If you’re not familiar with Reddit, think of it as an online bulletin board of ideas, or a user-generated Google News. Anyone can make a submission; many are links to blogs posts and outside news. Others are questions or announcements. Users organize posts by voting them up or down. There are countless subReddit on nearly every topic, including science education.
Crowdsourcing Education Inspiration
Interacting with colleagues this way is a great brainstorming method. Adding the ScienceTeachers subReddit to your personal learning network (PLN) can even help you make new contacts. The summer is a great time to expand your network and to jumpstart your creativity by exploring ideas on social forums like Reddit in preparation for the new school year. You can turn to your Reddit PLN whenever you have a question or want suggestions. And perhaps best of all, it can help you discover new ways to engage students who often post questions for teachers on Reddit. The responses to owmynameispeter’s question do just this.
To learn more about the education community on Reddit, check out our February blog post, How to Use Reddit to Pump Up Your STEM Classroom and PLN.
So What do the Reddit Science Teachers Want to Teach?
The 24 comments in the thread offered interesting ideas in earth science, physics, nuclear science, electronics, and biotechnology, and their enthusiasm was infectious! Several teachers expressed a desire to teach about emerging issues, including environmental degradation and bioethics.
Suprisingly, pseudoscience was the most popular topic science teachers expressed an interest in teaching, by far. PrudeHawkeye wrote,
“Pseudoscience. How to spot it and how to combat it. We could do a solid week on just Dr. Oz and the nonsense he spews. Teaching a skeptical point of view is something I dearly wish I could do more often with my curriculum.”
“I really feel identifying pseudoscience from real science is a much more important skill and has so many applications in the real world, especially with the sensationalism of modern media.”
HomemadeJambalaya wants to take the idea of teaching pseudoscience one step further — going so far as to suggest it to administrators,
“I want to read the book Bad Science as a class. It has very specific examples ranging from vaccines and autism to how pharmaceutical companies pull one over on us. I am going to talk to my principal about doing this next year after state testing.”
Some teachers had interesting approaches to sharing their passions with their students. Imkentjr wrote,
“I think I would do an overview of microbio and include all the lab work you might see in a college lab. We would make yogurt! and maybe cheese. They would also learn all the plating and microscope skills required and would end in them having to isolate and identify two [separate] bacteria!”
“I would co-teach with an English teacher and read a sci-fi book with the class. I find many students haven’t read sci-fiction and it is interesting to analyze the science concepts in relationship to what was studied during the course of the year.”
Emergence is tkr1990’s choice of would-be curriculum. Emergence is the “idea that systems made up of individual pieces following simple directions or laws give rise to enormously complex patterns and behaviors. Ant colonies, ice crystals, cities, and so on all demonstrate the impact of such a simple idea.”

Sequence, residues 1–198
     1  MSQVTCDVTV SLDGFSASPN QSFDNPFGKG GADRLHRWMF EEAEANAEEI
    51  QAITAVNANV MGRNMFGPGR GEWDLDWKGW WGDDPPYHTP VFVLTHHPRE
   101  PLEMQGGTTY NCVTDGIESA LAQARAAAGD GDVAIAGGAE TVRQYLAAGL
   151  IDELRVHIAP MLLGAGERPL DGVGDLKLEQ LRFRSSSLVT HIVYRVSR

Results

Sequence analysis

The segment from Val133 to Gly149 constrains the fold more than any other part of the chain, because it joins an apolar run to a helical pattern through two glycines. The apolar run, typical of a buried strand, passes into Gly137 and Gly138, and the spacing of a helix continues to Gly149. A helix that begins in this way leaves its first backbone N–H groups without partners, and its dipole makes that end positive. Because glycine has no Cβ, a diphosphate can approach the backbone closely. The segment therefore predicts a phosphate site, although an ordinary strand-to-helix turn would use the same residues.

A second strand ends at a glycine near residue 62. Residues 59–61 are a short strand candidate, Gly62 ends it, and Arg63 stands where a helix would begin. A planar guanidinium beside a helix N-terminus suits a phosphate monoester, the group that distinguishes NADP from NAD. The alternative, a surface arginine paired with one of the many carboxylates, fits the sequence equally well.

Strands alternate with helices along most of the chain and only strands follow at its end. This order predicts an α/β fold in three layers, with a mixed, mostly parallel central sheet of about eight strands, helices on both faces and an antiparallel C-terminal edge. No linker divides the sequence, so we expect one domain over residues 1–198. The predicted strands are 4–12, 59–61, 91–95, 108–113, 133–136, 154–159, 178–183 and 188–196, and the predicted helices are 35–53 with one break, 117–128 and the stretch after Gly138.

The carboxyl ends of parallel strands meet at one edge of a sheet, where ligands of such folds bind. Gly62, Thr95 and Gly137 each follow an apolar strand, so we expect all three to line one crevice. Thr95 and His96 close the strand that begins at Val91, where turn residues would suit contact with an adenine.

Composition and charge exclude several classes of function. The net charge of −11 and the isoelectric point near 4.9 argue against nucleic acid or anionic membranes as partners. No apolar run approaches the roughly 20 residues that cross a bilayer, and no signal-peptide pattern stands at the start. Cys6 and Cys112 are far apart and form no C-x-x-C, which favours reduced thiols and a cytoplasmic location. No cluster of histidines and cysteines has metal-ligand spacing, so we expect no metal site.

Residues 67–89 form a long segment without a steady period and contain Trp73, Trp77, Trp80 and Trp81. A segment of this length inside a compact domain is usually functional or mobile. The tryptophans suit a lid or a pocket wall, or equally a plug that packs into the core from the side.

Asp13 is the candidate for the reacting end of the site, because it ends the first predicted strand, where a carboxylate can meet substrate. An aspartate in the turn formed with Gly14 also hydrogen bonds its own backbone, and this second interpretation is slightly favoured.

And a Redditor by the name of helloon (a teacher in training) explained, at length, how the ideal project would be one that asks students, “What are we doing to the planet and how can we fix it?”
“I could call the project something along the lines of “what are we doing to the planet and how can we fix it?” We could look at how we produce energy now and how that affects the environment, how energy might be produced in the future and the cool technologies being developed or just being thought of at this time, and how we can reduce our need for energy. We could investigate the chemical effects of burning fossil fuels or using aerosols, the effects of deforestation, the causes and effects of algal blooms on food webs in the ocean and the rise of the jellyfish, the effect on different ecosystems, extinction of species. We could investigate the effect of the waste we produce and how we could reduce the amount in an environmentally friendly way. We could look at different ways to live in the future, self sustainability, etc. We could use our analytical skills to look at the evidence for and against climate change and make informed choices and take a stance based on evidence. Tie into that the importance of using credible sources.”
Quite ambitious, to say the least! But all ideas are on the table and shared freely in this forum. Do any of these ideas from fellow science teachers resonate with you? If given the opportunity, would you teach any of these units to your students?
Keeping Curricula Current
Making the time to ask a question or share your own projects may seem like a small step, but it can have a significant impact on pedagogy. Owmynameispeter’s open-ended question is an excellent example. Thoughts on what could be taught can lead to discussion on what should be taught. Lively online discussions in professional forums can get people talking offline too, and even lead to coverage at formal conferences. They can be a grassroots way of preventing professional stagnation, and keeping science education current with a fast-changing world.
So in that spirit we’re asking you for your thoughts. If you could do a unit on anything, what would it be?
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